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Canada's Keegan Messing shows off his silver medal during victory ceremonies at Skate Canada International, in Laval, Que., on Oct. 27, 2018.Paul Chiasson/The Canadian Press

Canada’s newest figure-skating star loves to ham it up for the crowd. He has skated atop an Alaskan iceberg. And he’s aiming to be the first man to land a quadruple Axel in competition.

Keegan Messing captured silver in men’s singles at Skate Canada International on Saturday, climbing the medal podium for the first time at a Grand Prix event. And moments after his entertaining program to a Charlie Chaplin medley — complete with the spinning of an invisible walking stick — the quirky 26-year-old talked about his new role in the spotlight.

“I don’t know how I feel about that yet, except for the fact that I’m happy, especially since it’s the first real competition of the year and I put out two good performances,” Messing said. “I’m really happy on how things are turning out, I’m excited to see how it keeps unfolding.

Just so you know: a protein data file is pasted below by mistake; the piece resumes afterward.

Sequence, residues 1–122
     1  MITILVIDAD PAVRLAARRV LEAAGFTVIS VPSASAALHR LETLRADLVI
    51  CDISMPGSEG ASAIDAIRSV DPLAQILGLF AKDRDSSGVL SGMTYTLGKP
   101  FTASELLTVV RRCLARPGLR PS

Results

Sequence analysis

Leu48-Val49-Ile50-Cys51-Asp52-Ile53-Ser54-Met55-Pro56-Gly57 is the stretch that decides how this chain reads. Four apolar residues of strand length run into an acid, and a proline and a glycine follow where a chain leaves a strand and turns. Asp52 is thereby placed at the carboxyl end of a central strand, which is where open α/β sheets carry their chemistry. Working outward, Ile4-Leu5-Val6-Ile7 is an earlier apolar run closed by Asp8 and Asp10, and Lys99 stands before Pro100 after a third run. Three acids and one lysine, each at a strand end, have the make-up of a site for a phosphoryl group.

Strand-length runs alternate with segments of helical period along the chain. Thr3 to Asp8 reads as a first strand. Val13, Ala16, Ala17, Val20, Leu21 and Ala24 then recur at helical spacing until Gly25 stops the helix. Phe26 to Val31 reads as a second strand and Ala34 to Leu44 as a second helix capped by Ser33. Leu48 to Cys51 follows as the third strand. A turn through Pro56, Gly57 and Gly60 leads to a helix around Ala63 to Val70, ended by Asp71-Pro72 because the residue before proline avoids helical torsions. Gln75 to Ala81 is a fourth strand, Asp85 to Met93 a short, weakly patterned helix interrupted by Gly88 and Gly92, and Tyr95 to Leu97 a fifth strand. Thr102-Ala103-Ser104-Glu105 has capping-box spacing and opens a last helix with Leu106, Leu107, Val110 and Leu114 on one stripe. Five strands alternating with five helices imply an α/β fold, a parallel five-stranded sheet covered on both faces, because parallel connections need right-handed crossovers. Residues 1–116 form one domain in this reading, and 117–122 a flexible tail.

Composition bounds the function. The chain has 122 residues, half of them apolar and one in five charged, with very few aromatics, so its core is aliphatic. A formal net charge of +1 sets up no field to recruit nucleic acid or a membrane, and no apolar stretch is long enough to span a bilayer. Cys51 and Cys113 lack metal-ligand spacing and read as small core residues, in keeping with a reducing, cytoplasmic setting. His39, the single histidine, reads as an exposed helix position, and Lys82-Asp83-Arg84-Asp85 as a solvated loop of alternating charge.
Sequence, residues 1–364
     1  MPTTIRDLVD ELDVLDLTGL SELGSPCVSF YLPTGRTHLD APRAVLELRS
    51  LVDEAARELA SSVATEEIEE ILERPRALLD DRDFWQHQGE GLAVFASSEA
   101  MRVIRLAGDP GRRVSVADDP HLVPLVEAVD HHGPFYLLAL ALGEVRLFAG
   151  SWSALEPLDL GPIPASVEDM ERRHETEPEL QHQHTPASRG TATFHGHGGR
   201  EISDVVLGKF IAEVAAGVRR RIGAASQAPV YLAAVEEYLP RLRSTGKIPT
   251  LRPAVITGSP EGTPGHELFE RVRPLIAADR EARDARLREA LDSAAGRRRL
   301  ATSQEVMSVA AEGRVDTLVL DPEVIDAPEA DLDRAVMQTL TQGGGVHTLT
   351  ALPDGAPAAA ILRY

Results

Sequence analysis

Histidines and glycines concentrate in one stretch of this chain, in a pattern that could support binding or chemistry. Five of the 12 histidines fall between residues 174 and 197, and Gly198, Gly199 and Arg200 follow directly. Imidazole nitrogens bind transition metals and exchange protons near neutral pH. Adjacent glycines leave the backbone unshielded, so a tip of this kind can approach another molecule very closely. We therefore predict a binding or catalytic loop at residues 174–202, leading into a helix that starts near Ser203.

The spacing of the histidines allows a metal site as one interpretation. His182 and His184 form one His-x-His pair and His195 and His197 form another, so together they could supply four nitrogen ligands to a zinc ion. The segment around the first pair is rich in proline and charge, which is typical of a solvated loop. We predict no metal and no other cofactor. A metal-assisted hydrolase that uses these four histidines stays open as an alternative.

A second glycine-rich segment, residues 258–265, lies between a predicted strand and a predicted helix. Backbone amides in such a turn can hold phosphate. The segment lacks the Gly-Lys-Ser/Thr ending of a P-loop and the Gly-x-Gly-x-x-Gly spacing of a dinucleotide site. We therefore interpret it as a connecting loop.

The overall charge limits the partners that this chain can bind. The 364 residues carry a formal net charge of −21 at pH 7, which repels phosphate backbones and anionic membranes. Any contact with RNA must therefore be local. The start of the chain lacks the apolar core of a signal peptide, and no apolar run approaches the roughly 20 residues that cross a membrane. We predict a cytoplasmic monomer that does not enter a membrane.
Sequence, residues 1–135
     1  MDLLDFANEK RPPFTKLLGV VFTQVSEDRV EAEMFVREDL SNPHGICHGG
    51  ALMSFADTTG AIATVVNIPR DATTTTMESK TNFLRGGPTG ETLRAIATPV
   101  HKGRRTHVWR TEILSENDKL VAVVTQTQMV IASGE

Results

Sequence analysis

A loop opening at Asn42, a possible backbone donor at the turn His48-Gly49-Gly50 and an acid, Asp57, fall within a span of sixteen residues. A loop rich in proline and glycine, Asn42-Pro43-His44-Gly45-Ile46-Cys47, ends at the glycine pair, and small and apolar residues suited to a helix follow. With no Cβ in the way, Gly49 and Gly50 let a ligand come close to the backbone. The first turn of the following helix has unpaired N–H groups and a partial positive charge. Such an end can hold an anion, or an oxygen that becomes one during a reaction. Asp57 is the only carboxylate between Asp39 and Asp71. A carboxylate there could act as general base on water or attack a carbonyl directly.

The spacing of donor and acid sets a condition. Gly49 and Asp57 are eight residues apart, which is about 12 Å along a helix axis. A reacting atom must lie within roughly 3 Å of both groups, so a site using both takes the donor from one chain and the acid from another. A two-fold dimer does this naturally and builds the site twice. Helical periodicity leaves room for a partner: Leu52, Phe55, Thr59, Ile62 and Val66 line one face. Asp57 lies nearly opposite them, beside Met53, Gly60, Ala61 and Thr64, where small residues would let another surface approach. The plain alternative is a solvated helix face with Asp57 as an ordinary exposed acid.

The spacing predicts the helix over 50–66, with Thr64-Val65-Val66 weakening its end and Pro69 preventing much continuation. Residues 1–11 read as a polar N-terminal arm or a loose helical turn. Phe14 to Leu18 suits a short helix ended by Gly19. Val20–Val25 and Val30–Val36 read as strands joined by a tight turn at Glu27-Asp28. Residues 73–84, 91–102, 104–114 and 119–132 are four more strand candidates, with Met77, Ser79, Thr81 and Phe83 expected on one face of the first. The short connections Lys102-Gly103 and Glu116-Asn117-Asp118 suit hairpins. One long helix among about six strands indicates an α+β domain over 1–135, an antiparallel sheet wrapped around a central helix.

“These first couple of pages have been fun. Let’s see how the whole book is.”

Messing, who led after Friday’s short program, scored 265.17 points. Olympic silver medalist Shoma Uno of Japan rebounded from a disastrous short program to win gold with 277.25. Cha Jun-hwan, a 17-year-old from South Korea who trains in Toronto with Brian Orser, took bronze with 254.77.

Messing’s medal was Canada’s second of the day. Kirsten Moore-Towers and Michael Marinaro won pairs bronze.

Russia’s Elizaveta Tuktamysheva won the women’s singles.